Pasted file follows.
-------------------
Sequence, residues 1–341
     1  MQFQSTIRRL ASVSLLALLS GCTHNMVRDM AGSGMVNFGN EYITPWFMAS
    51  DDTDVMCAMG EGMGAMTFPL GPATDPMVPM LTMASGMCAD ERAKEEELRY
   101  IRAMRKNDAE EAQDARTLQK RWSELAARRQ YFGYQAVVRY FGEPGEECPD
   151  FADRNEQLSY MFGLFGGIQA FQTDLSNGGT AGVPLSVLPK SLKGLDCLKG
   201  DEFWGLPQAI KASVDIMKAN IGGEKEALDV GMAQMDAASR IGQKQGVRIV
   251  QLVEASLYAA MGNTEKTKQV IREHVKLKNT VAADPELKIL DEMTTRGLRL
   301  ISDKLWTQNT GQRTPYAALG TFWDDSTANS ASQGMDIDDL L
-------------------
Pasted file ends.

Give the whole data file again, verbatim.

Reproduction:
Sequence, residues 1–341
     1  MQFQSTIRRL ASVSLLALLS GCTHNMVRDM AGSGMVNFGN EYITPWFMAS
    51  DDTDVMCAMG EGMGAMTFPL GPATDPMVPM LTMASGMCAD ERAKEEELRY
   101  IRAMRKNDAE EAQDARTLQK RWSELAARRQ YFGYQAVVRY FGEPGEECPD
   151  FADRNEQLSY MFGLFGGIQA FQTDLSNGGT AGVPLSVLPK SLKGLDCLKG
   201  DEFWGLPQAI KASVDIMKAN IGGEKEALDV GMAQMDAASR IGQKQGVRIV
   251  QLVEASLYAA MGNTEKTKQV IREHVKLKNT VAADPELKIL DEMTTRGLRL
   301  ISDKLWTQNT GQRTPYAALG TFWDDSTANS ASQGMDIDDL L